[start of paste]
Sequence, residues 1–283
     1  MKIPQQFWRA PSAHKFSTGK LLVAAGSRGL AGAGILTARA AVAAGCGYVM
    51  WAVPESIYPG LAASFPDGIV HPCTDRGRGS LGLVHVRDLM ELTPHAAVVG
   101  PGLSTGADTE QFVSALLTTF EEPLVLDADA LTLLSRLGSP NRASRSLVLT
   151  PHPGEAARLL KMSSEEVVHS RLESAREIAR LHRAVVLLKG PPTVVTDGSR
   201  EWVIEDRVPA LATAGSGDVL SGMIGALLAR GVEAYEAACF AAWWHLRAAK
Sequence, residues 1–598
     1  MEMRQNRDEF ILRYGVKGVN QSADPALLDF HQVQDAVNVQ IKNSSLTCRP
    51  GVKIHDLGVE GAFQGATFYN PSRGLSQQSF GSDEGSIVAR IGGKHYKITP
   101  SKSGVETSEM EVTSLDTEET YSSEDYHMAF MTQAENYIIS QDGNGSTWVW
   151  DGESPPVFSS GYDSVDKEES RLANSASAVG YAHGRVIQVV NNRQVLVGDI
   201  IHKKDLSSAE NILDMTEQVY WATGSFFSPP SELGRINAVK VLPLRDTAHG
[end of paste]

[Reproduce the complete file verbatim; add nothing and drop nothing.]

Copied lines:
Sequence, residues 1–283
     1  MKIPQQFWRA PSAHKFSTGK LLVAAGSRGL AGAGILTARA AVAAGCGYVM
    51  WAVPESIYPG LAASFPDGIV HPCTDRGRGS LGLVHVRDLM ELTPHAAVVG
   101  PGLSTGADTE QFVSALLTTF EEPLVLDADA LTLLSRLGSP NRASRSLVLT
   151  PHPGEAARLL KMSSEEVVHS RLESAREIAR LHRAVVLLKG PPTVVTDGSR
   201  EWVIEDRVPA LATAGSGDVL SGMIGALLAR GVEAYEAACF AAWWHLRAAK
Sequence, residues 1–598
     1  MEMRQNRDEF ILRYGVKGVN QSADPALLDF HQVQDAVNVQ IKNSSLTCRP
    51  GVKIHDLGVE GAFQGATFYN PSRGLSQQSF GSDEGSIVAR IGGKHYKITP
   101  SKSGVETSEM EVTSLDTEET YSSEDYHMAF MTQAENYIIS QDGNGSTWVW
   151  DGESPPVFSS GYDSVDKEES RLANSASAVG YAHGRVIQVV NNRQVLVGDI
   201  IHKKDLSSAE NILDMTEQVY WATGSFFSPP SELGRINAVK VLPLRDTAHG